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Looking at Dry Eye from A New Angle: Aldeyra’s Anticipated Approval

Looking at Dry Eye from A New Angle: Aldeyra’s Anticipated Approval

April 11, 2023

I intentionally left off Aldeyra’s new agent Reproxalap when I reviewed many of the new FDA-approved drugs for 2023 because this agent required its own dedicated article. If you have been paying attention to the dry eye world in the U.S., you would know how difficult it is to bring an NDA (new drug application) through the process to a marketable drug, but Reproxalap is well on its way.

New Chemical Class of Medications for Dry Eye
In terms of the introduction of a new chemical class of medications indicated for dry eye disease, you would have to look all the way back to, well, cyclosporine. Sure, we witnessed approvals for Cequa and Xiidra, however, the FDA considered them in the same basic category as Restasis. Certainly, we could add varenicline (Tyrvaya) to the small list of new chemical entities approved for dry eye, but in terms of an eye drop for the treatment of the signs and symptoms of chronic dry eye, Reproxalap is truly the first. While Bausch + Lomb has a PDUFA date (June 28, 2023) for its chemical entity NOVO3, we expect an approval based on MGD rather than chronic dry eye.  

Taking a closer look at Reproxalap reveals that it is under final review by the FDA, which has issued Aldeyra with a PDUFA date of November 23, 2023.

Reproxalap is a new first-in-class small molecule modulator of reactive aldehyde species (RASP) inhibitor. This species becomes upregulated during inflammatory events in the eye or systemically. By inhibiting this RASP cascade, we are effectively able to control inflammation on the surface of the eye without steroids. If you are an eye care professional reading this, you inherently know that steroids are not an ideal chronic treatment for the signs and symptoms of dry eye disease. Do steroids have a place in dry eye? You bet, but for every doctor who touts the notion that there are safe steroids that patients can take chronically, I’ll show you someone referred to me for steroid induced ocular hypertension or glaucoma. I don’t care which steroid you want to tout! 

How Does Reproxalap Work? Fast!
Here’s a deep dive into the mechanism of action as well as the outcomes from the clinical trials submitted to the FDA for approval. Without getting too much in front of my skis, let me tell you something I want and frankly expect from a new entrant in this dry eye field – work fast, like really fast! Who wants to sit around for three to six months waiting for their “immunomodulator” to take effect?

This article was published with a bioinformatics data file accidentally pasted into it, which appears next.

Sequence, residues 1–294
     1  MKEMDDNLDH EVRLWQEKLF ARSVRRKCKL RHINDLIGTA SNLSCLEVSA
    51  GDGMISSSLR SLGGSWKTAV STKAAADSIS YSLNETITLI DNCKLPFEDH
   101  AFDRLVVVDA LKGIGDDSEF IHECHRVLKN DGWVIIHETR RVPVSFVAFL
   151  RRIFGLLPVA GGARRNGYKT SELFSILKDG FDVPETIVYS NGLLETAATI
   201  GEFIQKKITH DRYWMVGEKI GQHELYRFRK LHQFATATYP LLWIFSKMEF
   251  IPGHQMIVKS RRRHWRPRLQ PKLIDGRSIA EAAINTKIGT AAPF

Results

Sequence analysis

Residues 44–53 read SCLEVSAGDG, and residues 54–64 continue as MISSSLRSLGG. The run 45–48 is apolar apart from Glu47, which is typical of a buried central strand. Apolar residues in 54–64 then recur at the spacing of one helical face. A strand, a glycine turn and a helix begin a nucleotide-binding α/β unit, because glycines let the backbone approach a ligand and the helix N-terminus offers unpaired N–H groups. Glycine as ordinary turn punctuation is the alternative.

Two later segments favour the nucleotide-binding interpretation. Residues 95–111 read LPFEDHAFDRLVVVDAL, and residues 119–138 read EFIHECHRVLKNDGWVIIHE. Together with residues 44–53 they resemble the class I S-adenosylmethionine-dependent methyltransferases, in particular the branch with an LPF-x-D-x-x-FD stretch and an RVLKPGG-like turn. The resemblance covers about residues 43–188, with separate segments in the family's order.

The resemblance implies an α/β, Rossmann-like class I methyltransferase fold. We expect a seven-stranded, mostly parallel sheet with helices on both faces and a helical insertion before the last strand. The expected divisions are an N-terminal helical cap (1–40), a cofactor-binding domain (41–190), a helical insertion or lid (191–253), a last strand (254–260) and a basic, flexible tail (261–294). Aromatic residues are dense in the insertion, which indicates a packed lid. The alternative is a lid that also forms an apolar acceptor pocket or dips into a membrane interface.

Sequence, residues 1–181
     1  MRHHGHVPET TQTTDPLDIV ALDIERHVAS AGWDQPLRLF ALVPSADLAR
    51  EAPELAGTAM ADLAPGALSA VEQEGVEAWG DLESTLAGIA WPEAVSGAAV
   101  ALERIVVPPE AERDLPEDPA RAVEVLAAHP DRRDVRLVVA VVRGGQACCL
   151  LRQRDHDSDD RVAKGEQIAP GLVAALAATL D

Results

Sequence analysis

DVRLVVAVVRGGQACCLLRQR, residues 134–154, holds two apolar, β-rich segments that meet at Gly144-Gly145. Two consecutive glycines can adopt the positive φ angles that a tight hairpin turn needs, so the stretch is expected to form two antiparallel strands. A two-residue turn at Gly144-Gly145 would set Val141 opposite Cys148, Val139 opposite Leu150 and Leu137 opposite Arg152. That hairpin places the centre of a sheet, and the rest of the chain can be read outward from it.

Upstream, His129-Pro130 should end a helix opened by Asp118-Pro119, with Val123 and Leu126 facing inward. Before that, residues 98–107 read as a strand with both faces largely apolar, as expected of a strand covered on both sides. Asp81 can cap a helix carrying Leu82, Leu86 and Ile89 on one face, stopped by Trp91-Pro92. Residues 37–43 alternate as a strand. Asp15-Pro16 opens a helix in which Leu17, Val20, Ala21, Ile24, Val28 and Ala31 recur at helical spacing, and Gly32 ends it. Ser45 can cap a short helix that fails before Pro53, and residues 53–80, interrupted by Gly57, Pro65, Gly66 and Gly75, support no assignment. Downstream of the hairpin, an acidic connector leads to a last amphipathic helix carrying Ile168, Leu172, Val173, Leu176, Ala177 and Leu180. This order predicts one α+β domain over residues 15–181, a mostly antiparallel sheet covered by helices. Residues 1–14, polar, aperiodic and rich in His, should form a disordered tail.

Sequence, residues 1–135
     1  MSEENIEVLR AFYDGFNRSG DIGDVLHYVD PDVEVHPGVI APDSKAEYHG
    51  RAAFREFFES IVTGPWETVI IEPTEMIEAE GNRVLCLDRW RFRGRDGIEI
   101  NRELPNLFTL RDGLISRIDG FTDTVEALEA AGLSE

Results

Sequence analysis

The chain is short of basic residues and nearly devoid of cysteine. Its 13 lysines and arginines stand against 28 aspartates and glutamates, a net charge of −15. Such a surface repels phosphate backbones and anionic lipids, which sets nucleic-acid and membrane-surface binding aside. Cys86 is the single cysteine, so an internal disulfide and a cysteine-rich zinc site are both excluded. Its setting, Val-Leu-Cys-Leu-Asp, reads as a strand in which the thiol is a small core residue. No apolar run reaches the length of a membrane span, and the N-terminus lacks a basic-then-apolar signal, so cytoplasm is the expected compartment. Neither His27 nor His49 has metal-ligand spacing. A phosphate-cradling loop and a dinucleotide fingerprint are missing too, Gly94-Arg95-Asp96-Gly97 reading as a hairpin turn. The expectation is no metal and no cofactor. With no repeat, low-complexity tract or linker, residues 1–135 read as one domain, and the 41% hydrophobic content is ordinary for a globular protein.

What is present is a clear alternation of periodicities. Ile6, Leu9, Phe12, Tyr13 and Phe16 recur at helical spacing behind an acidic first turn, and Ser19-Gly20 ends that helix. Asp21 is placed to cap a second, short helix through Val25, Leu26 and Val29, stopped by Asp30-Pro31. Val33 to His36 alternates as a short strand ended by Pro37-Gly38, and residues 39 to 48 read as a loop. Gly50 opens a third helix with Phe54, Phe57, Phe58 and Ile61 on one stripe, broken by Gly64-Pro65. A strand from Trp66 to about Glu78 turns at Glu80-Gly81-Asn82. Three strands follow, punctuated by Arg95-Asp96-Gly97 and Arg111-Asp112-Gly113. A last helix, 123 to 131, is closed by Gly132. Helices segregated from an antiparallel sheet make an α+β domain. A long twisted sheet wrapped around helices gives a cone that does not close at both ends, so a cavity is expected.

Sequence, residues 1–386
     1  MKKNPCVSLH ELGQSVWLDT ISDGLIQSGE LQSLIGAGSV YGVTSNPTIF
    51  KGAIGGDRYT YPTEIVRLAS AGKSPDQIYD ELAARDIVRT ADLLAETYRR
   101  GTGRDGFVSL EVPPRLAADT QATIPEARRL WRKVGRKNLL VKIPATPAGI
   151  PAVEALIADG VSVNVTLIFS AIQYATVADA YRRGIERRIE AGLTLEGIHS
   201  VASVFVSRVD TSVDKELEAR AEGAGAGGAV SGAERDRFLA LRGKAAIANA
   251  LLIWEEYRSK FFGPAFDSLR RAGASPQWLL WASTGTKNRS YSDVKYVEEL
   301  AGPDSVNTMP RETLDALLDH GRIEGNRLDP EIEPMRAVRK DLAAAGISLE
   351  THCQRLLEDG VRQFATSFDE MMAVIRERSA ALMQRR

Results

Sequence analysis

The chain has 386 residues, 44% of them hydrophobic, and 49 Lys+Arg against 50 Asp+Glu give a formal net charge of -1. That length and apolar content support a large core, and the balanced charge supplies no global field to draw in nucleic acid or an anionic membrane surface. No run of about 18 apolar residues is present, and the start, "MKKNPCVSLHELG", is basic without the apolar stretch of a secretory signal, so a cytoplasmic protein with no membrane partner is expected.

One common theme among the 2023 approval contenders is that they work fast, like one- to two-week fast! Think about that, what a game changer for those of us in the trenches singing the same ole song and dance with our patients, and if we’re being honest, that song is stuck in our own heads too.  

The nitty gritty: Reproxalap is formulated in 0.25% concentration; the vehicle concertation and incipient ingredients have not been disclosed to date. RASP inhibitors such as Reproxalap work by regulating the reactive aldehyde species. It reacts with amine groups covalently via Schiff base formation and thiol groups via Michael Addition especially in proteins. Once RASP inhibitors reach threshold amounts of binding at the proteome, RASP begin to modify protein function such as MAP kinase, protein kinase C, and other proteins that activate cytokine release and inflammation. Binding of RASP to proteins can lead to NF-KB activation and other inflammatory cascades.

Positive signs and symptoms include an ocular dryness validated survey score, increase in Schirmer score 10 mm, as well as the responder scores. Aldeyra used a Phase 2b trial where Reproxalap achieved a primary endpoint of improvement in signs and symptoms. The signs included Schirmer test improvement, TBUT, osmolarity, and corneal fluorescein staining. Symptoms included dryness, grittiness, as well as stinging and burning. The phase three clinical trial also met its primary endpoint of greater than a 10 mm increase in Schirmer score and responder proportions after just one day of dosing. The trials demonstrated rapid onset of action within minutes of application and lasting up to 12 weeks. Treatment-related side effects were mild with the most commonly reported being instillation site pain that was brief.   

It should be an exciting year ahead for our dry eye, ocular surface, blepharitis, and MGD patients! Not just because of Aldeyra’s Reproxalap but also because of the other many FDA-approved drugs for 2023. When you think about it, likely two-thirds of all patients we see have some form of one of these conditions.


  • Ian Benjamin Gaddie, OD, FAAO

    Dr. Gaddie is owner and director of Gaddie Eye Center in Louisville, LaGrange, and Carrollton, Kentucky, and Chief Medical Officer of Keplr Vision in Bloomington, Illinois. He received his Doctor of Optometry from the University of Alabama at Birmingham School of Optometry. He is a diplomate of the American Board of Optometry, past president of the Optometric Glaucoma Society and the Kentucky Optometric Association, for which he is currently the chair of continuing education. He is past chair of the education committees for the American Optometric Association and the Vision Expos.

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